This hidden gem, nestled in the rolling hills near the Shenandoah River, has an expansive views of the mountains from the 28 acres of vineyards and the rustic yet elegant tasting room and terrace. In this idyllic setting we grow Cabernet Franc, Chardonnay, Seyval Blanc, Traminette, Norton, Albariño, Vidal Blanc and Malbec wine grapes, and make Virginian wine across a spectrum of varietals and blends. Each wine distinctively expresses our dedication to premium Virginia winemaking. The Bogaty family founded Veramar in 2000, when there were very few wineries operating successfully in this part of the state. Since then, the business has grown to include their son, Justin Bogaty, as winemaker, and there has certainly been a tremendous boom in the Virginian wine industry since then, especially in Loudoun County. But over the years we have never lost our values of family and sustainability - every aspect of Veramar, from the vineyard to the winemaking itself, is managed with the goal of creating a family business that can be passed down to many generations of Bogatys to come. We strive to be grounded enough to forego trends and fads in favor of the lasting principles that will sustain Veramar and Shenandoah Valley winemaking culture many years into the future. Our tasting room is open year-round, seven days a week, and opens daily at noon. The estate and vineyards are also the perfect setting for an elegant winery wedding or private party, a venue perfectly situated near Northern Virginia, Winchester, VA, and Washington, DC. We hope you'll visit us, and experience everything that premium Virginian wine has to offer!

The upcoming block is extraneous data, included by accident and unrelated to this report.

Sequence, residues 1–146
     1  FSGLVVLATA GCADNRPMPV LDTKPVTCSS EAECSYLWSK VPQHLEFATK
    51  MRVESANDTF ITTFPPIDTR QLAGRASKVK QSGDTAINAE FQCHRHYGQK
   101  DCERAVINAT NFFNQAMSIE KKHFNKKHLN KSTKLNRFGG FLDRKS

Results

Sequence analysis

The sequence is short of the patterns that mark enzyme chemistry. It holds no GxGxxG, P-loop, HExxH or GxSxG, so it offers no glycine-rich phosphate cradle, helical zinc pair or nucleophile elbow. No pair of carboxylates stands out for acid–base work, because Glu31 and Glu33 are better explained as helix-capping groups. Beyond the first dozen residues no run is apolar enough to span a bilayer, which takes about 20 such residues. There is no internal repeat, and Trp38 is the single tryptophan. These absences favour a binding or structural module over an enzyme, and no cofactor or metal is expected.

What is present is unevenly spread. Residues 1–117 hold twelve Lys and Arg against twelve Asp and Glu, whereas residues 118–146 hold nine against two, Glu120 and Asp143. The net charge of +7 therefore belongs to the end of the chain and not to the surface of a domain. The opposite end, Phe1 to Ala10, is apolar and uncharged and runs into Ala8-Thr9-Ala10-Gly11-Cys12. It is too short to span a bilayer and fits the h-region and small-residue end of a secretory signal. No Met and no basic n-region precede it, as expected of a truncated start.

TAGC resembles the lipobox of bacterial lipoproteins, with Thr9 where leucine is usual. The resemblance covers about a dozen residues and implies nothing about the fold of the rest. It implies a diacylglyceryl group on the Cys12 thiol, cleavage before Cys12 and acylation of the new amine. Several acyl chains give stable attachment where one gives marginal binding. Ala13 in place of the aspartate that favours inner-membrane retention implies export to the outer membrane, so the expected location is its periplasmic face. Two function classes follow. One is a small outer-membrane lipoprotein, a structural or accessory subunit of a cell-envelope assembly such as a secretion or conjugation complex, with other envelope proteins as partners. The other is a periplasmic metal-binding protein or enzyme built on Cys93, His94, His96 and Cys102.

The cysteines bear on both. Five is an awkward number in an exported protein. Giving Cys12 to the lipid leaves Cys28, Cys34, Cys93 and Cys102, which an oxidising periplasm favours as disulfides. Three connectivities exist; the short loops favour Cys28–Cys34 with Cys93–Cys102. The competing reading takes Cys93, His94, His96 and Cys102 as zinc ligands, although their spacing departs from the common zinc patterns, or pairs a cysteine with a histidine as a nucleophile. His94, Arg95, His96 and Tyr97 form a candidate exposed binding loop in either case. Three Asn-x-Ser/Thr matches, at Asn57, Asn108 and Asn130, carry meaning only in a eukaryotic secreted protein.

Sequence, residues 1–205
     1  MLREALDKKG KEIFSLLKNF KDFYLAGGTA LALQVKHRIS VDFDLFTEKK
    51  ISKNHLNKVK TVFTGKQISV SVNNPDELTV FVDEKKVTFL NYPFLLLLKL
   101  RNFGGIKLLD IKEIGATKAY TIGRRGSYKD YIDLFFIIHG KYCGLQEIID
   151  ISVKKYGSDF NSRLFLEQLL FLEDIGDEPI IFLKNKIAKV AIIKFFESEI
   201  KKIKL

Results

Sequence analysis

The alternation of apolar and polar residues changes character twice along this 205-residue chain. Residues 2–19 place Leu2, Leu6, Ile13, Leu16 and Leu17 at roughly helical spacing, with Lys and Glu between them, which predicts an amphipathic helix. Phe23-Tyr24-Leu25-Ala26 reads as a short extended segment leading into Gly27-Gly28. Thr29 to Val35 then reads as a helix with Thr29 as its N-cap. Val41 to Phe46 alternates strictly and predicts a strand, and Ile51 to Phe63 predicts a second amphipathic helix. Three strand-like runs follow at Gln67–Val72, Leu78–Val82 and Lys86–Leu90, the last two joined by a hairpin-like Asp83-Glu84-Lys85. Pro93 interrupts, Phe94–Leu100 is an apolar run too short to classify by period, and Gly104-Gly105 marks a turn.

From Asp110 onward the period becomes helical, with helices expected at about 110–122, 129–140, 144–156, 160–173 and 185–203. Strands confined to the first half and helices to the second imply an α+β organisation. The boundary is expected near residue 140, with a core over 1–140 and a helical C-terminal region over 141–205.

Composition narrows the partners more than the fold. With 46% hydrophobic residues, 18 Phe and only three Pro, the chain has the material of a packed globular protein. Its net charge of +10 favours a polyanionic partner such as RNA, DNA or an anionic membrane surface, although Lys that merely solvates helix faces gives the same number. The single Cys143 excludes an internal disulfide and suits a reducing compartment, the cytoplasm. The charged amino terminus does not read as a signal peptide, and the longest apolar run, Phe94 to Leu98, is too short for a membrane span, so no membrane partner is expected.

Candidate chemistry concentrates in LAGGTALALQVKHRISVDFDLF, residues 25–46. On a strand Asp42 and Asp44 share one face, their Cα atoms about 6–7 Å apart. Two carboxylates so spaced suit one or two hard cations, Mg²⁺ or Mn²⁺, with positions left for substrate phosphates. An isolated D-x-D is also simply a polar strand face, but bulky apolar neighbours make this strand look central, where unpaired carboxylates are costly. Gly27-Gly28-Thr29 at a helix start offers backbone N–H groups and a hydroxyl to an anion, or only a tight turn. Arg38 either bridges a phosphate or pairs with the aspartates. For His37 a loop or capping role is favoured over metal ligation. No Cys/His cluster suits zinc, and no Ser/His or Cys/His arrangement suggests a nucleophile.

Located in the Shenandoah Valley AVA.
- Full-bodied, complex Virginia wine.
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Average Bottle Price
Justin has a number a crowning achievements, among his best is taking Veramar Vineyard from a small winery producing just over 500 cases annually to one that now produces over 10,000 cases annually, in ten years, while constantly maintaining a substantial focus on wine quality.Justin’s business savvy coupled with his wines are what have allowed the winery’s brand to flourish from a tasting room only experience into one that is now distributed in four states and exported into the U.K. marketplace.